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Hydraulic Fracturing (Hydrofracking): Overview

A legal resource guide for information relating to hydrofracking including primary and secondary source materials, quick links, and database resources.

Hydraulic Fracturing

"[P]ronounced and sometimes spelled 'fracking'" (also hydro-fracing, hydrofracturing, and hydro fracking) [1] this controversial mining technique which has been in common use since the late 1940's, [2] allows developers in the natural gas and oil industry to exploit the otherwise unattainable but vast deposits of hydrocarbon-rich shale that are located throughout the U.S. and all over the world.[3]  Although the specific processes for hydrofracking vary depending on the composition of the shale and the environmental conditions of the specific deposit, fracking generally involves the injection of "fluids [into drilled or fractured wells which] are pumped at high pressure underground to force out oil or natural gas."[4]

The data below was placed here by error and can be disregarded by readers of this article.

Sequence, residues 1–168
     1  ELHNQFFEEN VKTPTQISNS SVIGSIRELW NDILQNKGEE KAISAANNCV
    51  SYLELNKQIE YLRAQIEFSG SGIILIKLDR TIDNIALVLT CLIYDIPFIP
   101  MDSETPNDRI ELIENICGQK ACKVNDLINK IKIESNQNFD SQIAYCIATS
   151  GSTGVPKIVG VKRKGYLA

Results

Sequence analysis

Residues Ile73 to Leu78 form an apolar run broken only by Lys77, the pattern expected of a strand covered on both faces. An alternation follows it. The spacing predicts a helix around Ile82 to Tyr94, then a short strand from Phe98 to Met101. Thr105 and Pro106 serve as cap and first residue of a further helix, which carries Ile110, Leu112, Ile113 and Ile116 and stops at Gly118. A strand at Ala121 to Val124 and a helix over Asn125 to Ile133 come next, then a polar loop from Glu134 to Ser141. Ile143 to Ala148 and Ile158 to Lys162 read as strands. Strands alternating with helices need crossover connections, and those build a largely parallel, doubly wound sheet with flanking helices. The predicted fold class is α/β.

[1] For the purposes of this guide the term “hydrofracking” or “fracking” will be used throughout.
[2] Keith B. Hall, Regulation of Hydraulic Fracturing Under the Safe Drinking Water Act, 31 Westlaw J. Envtl. 1 (2011).
[3] Richard A. Kerr, Natural Gas from Shale Bursts Onto the Scene, 328 Sci 1624, 1625 (2010) (for a map of shale gas basin deposits in the US consult page 1625).
[4] Hannah Wiseman, Untested Waters: The Rise of Hydraulic Fracturing in Oil and Gas Production and the Need to Revisit Regulation, 20 Fordham Envtl. L. Rev. 115, 120 (2009).

Shale Deposits in the United States

Image result for us shale plays

For additional maps please see the U.S. Energy Information Administration's (EIA) website.

EPA Fracking Study

Hydraulic Fracturing Insider

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Contact Information

This research guide is currently maintained by Gail Whittemore and Cynthia Pittson.